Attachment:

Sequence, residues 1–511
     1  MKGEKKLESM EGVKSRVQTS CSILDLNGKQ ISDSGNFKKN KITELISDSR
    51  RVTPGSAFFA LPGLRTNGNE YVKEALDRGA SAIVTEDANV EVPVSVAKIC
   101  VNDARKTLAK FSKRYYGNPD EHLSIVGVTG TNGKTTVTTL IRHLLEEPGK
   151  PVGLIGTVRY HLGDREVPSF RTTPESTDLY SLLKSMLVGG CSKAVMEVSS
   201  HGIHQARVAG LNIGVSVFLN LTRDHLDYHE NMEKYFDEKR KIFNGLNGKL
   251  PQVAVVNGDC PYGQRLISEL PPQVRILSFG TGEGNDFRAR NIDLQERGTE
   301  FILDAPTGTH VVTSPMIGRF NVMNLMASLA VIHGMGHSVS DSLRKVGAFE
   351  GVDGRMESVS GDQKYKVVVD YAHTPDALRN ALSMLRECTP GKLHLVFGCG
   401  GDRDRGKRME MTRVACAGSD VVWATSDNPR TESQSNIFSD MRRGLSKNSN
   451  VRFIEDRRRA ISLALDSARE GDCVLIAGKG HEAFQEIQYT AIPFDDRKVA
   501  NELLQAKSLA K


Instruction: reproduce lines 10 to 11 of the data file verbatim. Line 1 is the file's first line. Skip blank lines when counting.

   401  GDRDRGKRME MTRVACAGSD VVWATSDNPR TESQSNIFSD MRRGLSKNSN
   451  VRFIEDRRRA ISLALDSARE GDCVLIAGKG HEAFQEIQYT AIPFDDRKVA